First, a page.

Same-sex amendment gets early OK in Wyoming Senate

2011-01-25T23:30:00Z 2011-01-27T12:37:27Z Same-sex amendment gets early OK in Wyoming Senate

By JOAN BARRON

Casper Star-Tribune

The Billings Gazette
January 25, 2011 11:30 pm  • 

CHEYENNE, Wyo. — The state Senate voted Tuesday in favor of a proposed constitutional amendment to make it clear that same-sex marriages and civil unions are not recognized in Wyoming.

Senate Joint Resolution 5 would put the amendment on the November 2012 general election ballot for voters to decide. The bill's main sponsor is Sen. Curt Meier, R-LaGrange.

The Senate gave preliminary approval to the bill on a 21-7 standing vote.

All proposed constitutional amendments require a two-thirds majority vote, meaning the proposal will need 20 of the 30 votes in the Senate to pass third reading.

The House on Monday adopted a bill to place similar language in state statutes.

On Tuesday, Senate Minority Leader John Hastert, D-Green River, was the only senator to speak against the proposed constitutional amendment.

“We have the responsibility to respect the rights of the minority,” he said. “They may be different. They may be unpopular. I represent the rights of all citizens, not just the majority.”

Sen Charles Scott, R-Casper, tried to restore the bill to the original language in the Wyoming Constitution, which defines marriage as a “civil contract between a male and a female person.”

Proponents of changing the constitution maintain that language isn't clear enough.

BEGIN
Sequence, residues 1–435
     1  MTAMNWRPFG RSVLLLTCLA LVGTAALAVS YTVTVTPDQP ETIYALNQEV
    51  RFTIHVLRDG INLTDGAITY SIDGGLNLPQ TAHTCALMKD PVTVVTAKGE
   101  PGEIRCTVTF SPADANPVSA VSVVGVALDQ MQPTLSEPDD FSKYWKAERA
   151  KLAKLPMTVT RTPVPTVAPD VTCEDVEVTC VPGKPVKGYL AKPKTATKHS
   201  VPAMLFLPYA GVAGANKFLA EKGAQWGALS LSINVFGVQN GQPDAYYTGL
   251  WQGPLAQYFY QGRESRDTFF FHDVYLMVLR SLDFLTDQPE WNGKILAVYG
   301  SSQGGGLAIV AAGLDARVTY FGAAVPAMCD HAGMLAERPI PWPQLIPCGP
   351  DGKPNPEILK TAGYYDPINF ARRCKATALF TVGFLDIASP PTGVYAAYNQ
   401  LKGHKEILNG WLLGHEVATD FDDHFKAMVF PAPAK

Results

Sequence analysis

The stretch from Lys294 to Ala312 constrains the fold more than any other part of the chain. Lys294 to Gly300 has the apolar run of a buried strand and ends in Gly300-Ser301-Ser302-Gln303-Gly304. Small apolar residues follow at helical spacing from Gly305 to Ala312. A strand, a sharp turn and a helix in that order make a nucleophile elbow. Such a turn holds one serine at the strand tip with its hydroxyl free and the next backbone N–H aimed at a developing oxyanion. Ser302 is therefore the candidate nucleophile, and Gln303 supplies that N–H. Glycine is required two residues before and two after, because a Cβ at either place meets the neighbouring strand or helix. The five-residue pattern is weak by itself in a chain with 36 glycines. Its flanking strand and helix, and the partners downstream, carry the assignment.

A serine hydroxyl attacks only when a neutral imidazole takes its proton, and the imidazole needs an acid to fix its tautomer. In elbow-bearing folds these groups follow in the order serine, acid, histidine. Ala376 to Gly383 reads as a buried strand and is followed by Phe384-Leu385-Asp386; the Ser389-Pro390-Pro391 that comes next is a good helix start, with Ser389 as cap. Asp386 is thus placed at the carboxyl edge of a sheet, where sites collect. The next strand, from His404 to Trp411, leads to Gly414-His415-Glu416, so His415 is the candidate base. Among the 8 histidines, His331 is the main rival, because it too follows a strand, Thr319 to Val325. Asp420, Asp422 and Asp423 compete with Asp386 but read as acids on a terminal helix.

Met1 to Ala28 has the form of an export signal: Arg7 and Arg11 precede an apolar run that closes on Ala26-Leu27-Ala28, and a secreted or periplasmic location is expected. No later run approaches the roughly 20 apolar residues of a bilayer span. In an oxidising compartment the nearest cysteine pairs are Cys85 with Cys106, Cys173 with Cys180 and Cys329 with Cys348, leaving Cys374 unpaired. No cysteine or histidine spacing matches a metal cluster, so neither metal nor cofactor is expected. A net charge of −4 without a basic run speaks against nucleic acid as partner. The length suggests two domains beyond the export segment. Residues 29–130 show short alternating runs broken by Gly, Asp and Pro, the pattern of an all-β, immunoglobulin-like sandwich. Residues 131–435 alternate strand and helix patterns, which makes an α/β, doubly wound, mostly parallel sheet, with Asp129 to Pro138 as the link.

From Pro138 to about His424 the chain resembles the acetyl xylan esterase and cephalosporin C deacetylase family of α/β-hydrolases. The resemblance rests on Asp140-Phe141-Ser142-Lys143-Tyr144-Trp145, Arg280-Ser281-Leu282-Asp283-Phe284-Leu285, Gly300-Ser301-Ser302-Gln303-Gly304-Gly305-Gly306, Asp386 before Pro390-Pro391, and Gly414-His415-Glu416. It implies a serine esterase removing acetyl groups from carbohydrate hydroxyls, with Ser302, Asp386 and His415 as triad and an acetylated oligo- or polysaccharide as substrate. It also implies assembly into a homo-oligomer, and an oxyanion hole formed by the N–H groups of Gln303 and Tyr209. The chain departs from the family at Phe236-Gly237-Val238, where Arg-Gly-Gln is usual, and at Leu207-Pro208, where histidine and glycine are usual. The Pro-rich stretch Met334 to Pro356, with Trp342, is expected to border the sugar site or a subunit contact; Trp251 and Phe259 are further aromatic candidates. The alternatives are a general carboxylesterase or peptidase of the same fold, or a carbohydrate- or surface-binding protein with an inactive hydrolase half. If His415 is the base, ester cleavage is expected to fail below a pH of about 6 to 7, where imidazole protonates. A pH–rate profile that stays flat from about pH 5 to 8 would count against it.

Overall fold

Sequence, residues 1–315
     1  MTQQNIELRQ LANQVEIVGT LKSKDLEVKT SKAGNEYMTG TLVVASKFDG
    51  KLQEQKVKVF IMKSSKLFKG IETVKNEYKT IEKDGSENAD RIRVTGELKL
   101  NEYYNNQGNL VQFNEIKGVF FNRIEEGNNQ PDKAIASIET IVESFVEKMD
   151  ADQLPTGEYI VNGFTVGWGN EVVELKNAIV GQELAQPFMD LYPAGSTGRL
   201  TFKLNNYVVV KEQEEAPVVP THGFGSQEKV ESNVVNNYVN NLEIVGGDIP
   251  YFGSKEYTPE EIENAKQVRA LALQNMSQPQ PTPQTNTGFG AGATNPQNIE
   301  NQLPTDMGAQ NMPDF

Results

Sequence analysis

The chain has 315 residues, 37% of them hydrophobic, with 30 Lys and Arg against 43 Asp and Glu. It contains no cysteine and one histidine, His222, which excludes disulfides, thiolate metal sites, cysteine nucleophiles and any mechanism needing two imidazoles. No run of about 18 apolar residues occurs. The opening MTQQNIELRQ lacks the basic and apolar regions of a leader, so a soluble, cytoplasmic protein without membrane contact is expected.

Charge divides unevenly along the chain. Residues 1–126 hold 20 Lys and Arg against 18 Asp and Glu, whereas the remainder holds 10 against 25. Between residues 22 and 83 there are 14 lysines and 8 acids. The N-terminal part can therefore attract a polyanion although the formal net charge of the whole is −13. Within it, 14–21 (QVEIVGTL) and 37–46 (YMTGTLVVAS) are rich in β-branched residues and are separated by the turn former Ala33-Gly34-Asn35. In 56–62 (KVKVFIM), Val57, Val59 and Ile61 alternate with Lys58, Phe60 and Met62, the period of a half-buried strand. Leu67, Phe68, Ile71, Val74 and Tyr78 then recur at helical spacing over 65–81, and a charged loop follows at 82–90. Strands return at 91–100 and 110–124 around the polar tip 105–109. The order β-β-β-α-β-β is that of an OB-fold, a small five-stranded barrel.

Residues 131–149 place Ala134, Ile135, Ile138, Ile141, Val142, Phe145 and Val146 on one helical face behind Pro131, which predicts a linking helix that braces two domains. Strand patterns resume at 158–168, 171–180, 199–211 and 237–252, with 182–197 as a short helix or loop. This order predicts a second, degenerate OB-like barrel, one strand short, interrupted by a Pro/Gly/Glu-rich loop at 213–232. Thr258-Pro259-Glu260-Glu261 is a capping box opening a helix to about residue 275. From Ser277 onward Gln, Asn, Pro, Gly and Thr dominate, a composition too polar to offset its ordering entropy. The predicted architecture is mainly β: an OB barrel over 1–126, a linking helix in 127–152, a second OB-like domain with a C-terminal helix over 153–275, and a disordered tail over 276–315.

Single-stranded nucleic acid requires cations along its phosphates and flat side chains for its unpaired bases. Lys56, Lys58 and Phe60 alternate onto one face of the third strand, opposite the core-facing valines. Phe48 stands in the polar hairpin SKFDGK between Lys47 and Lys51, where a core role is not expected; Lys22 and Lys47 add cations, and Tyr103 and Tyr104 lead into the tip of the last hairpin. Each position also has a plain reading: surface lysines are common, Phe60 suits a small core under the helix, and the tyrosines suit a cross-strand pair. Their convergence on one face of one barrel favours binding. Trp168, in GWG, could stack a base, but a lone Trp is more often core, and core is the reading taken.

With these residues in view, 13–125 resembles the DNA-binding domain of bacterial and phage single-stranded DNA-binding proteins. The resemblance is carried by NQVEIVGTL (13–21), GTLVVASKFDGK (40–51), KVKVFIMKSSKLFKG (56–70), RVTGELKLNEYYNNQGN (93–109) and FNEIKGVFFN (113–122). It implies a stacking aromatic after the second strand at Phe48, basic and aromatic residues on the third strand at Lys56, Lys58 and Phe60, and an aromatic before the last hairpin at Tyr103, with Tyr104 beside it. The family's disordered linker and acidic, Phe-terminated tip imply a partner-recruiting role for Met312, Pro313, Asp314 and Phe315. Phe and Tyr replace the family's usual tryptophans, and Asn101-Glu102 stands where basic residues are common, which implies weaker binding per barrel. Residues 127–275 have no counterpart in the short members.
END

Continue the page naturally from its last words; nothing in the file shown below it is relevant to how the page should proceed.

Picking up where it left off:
But Scott said the original language is fairly easy to understand and would give the Legislature some flexibility to recognize other relationships in the future.

“Society clearly is evolving in this area,'” he said.

Meier opposed Scott's proposed amendment. He said his search of state laws turned up 240 places that refer to sex.

“There are places where we discriminate,” he said.

Sen. Leslie Nutting, R-Cheyenne, said the Legislature is allowing the people to make the decision on same-sex marriages. People have demonstrated that they want clearer language, she said.

Sen. Drew Perkins, R-Casper, said that not every action in one state is recognized in other states.

“No matter how we do this, there will be lawsuits,” Perkins said.

Sen. Tony Ross, R-Cheyenne, agreed. He noted one lawsuit challenging the constitutionality of the state marriage law was filed earlier but was dismissed.

The Senate voted down Scott's language and then adopted an amendment from Meier, which specifies that only a marriage between a man and a woman is valid or recognized in Wyoming.

But it adds, “The Legislature may define the benefits and duties of marriage, which may be different than the benefits and duties afforded to all other civil relationships.”

Scott supported the new language because he said it gives the Legislature flexibility for the future.

Contact Joan Barron at joan.barron@trib.com or 307-632-1244.

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